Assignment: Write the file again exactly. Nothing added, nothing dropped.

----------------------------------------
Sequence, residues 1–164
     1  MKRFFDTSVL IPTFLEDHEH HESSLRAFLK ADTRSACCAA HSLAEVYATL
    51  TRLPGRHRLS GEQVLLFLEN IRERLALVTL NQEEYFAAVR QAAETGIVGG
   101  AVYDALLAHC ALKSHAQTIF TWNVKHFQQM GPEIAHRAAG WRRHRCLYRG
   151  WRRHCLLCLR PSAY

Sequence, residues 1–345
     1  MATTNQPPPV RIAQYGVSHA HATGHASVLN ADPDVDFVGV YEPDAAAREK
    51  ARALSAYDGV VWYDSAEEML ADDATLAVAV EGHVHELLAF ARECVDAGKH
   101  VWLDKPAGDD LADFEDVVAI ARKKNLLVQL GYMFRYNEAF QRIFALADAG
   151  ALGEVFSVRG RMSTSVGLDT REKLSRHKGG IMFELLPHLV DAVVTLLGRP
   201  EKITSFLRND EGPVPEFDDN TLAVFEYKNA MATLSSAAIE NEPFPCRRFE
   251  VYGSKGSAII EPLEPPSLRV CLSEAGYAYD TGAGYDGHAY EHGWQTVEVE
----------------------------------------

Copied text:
Sequence, residues 1–164
     1  MKRFFDTSVL IPTFLEDHEH HESSLRAFLK ADTRSACCAA HSLAEVYATL
    51  TRLPGRHRLS GEQVLLFLEN IRERLALVTL NQEEYFAAVR QAAETGIVGG
   101  AVYDALLAHC ALKSHAQTIF TWNVKHFQQM GPEIAHRAAG WRRHRCLYRG
   151  WRRHCLLCLR PSAY

Sequence, residues 1–345
     1  MATTNQPPPV RIAQYGVSHA HATGHASVLN ADPDVDFVGV YEPDAAAREK
    51  ARALSAYDGV VWYDSAEEML ADDATLAVAV EGHVHELLAF ARECVDAGKH
   101  VWLDKPAGDD LADFEDVVAI ARKKNLLVQL GYMFRYNEAF QRIFALADAG
   151  ALGEVFSVRG RMSTSVGLDT REKLSRHKGG IMFELLPHLV DAVVTLLGRP
   201  EKITSFLRND EGPVPEFDDN TLAVFEYKNA MATLSSAAIE NEPFPCRRFE
   251  VYGSKGSAII EPLEPPSLRV CLSEAGYAYD TGAGYDGHAY EHGWQTVEVE